This week we will mostly be concerning ourselves with slain Tigers, espionage thrillers and a trial run…
Putting the 'less' in Leicester
A fortnight ago this column wondered, with the leader of the 'old guard' removed from his post, which way the path for the Leicester Tigers would lead. On Saturday we got our answer.
It's tempting to imagine Richard Cockerill sipping a provencale red through an ear-to-ear grin while lounging by his mountainside pool and watching the carnage on his laptop, but in all reality schadenfreude was probably very far from his mind as Leicester were humiliated by Glasgow.
His last press statement before exiting Welford Road hurriedly, pursued, by Tigers, left all readers in no doubt whatsoever just how green, red and white the blood that courses through his veins is, while the impression is that his hostility to taking advice from his All Black-blooded assistant proved to be his downfall.
Those whose hearts pump juices of similar colour to Cockerill were notably absent on Saturday. It's been a long, long time since I can remember empty seats at Welford Road on any occasion, let alone a European Cup match, but on Saturday there were scores. Between half-time and full-time there appeared scores more. Who gave up first, the players or the crowd? When has that EVER happened in Leicester?
Aaron Mauger apologised to 'our Tigers family' after the game, but it is a family which is disintegrating. Back-to-back humiliations and empty seats at Welford Road, the local hero-turned-coach out on his ear, a high chance of there being no European Cup rugby in Leicester next season and the fans who were there out-shouted by the visitors…
Leicester have lost more than just a couple of matches this last fortnight; they've lost their identity. That can take a long time to get back.
The week's most bizarre story has to be the cold war-style espionage drama spanning the borders between Sale and Bristol. In a week where it was announced that 'The Spy Who Came in from the Cold' is to be televised and Donald Trump was swept into power on the back of an apparent multitude of Russian votes, John Le Carr and Vladimir Putin must have both felt so aggrieved that such a belting thriller could steal their thunder so.
Not only did it involve leaks, night-time visits to hotels and ultimately a sensational swing and upset of power in a public competition, it also involved brothers on opposing sides of the competitive fence supposedly conspiring in spite of the differences between their two employers.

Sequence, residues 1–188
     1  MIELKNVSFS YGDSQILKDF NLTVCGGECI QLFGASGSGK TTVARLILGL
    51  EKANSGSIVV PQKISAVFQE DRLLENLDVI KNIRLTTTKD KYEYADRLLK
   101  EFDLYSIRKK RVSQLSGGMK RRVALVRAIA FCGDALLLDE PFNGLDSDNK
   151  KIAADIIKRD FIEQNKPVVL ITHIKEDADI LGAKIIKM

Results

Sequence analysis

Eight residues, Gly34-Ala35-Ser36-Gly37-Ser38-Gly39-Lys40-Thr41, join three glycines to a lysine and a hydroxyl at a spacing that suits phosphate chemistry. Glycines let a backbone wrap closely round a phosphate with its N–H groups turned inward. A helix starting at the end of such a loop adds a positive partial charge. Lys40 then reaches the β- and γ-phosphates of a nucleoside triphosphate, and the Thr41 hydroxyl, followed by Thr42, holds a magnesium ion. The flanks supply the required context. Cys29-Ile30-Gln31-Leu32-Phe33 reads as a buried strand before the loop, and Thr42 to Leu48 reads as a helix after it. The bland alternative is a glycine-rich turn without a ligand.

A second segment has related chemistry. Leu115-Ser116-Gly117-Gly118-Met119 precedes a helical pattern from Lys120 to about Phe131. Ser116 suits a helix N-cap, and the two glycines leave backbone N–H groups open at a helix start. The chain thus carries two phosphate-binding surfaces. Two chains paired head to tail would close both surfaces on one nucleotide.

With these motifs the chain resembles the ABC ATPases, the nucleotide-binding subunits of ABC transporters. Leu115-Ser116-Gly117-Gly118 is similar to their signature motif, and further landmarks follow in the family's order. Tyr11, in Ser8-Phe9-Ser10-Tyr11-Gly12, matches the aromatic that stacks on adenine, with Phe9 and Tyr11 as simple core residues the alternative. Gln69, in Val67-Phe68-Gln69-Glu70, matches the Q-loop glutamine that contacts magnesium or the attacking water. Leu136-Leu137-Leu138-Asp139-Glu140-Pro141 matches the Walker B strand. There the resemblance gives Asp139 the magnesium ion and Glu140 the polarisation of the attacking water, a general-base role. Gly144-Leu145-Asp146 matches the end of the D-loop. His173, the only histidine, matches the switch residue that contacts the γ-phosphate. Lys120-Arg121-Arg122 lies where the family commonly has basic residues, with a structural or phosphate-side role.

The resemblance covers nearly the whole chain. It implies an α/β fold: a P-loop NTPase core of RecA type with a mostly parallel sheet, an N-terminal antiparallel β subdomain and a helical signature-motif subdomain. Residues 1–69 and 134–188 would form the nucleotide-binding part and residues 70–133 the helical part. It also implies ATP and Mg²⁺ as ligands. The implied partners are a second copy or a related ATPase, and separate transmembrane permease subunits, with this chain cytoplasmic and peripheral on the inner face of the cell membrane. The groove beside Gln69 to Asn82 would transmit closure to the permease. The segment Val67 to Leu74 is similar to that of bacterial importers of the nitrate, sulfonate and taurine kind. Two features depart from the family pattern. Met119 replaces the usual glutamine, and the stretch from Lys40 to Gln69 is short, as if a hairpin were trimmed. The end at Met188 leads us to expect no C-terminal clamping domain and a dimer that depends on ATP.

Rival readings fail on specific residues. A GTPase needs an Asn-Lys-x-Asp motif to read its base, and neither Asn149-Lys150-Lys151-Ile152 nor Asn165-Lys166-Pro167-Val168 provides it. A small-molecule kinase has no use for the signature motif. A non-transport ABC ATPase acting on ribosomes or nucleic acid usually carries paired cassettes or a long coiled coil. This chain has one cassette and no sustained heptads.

If we are to be covering clubs where all is not well, it would be unfair to single out Leicester. At least they've grabbed a couple of wins recently: Sale have won one game in eleven.
It's difficult to genuinely pin the blame for Sale's collapse against Bristol on either Sale's Tom or brother Bristol's Luke Arscott. The Sharks were 15-0 ahead before things went south – or maybe Bristol allowed them to get a head start before acting out their master plan.
But Bristol's mole was nonetheless smoked out by his own Sale team-mates, an act which has apparently 'galvanised' those at Sale who have lived through this terrible time (although not enough to actually win a game since until last weekend).
Tom Arscott denies vehemently any wrong-doing, as do Luke and Bristol, who face a points deduction if the treachery is proved.
We await the final denouement, perhaps the handover of finger-printed play sheets to the RFU disciplinary in a service station near Blackburn…
Putting the Wyn in Lions?
We'll go as far as saying that the change in leadership in the Wales squad may even have been a couple of years overdue. Excellent bloke and level-headed leader Sam Warburton is, enduring physical specimen he is not. Too often he has been conspicuous by his absence down the years, while the form of Justin Tipuric continues to cloud the issue of who Wales' best number seven really is.
But there's no such doubt of the physical durability of Alun Wyn Jones, nor is there any doubt who the first name is on the team sheet when it comes to picking the locks.
Nor is there any doubt of the pedigree: this is the man who took on the job of leading the Lions for spells during the last two tours.
And considering those Lions, it's also not hard to see Warren Gatland's shadow hanging over the change. Is Jones on trial for the Lions captaincy?
It's tough to see any other challengers who are so obviously as first choice for the Lions as they are for their country. Don't be surprised for there to be another Welsh lilt decorating the airwaves at that squad announcement in May…
Loose Pass compiled by former Planet Rugby Editor Danny Stephens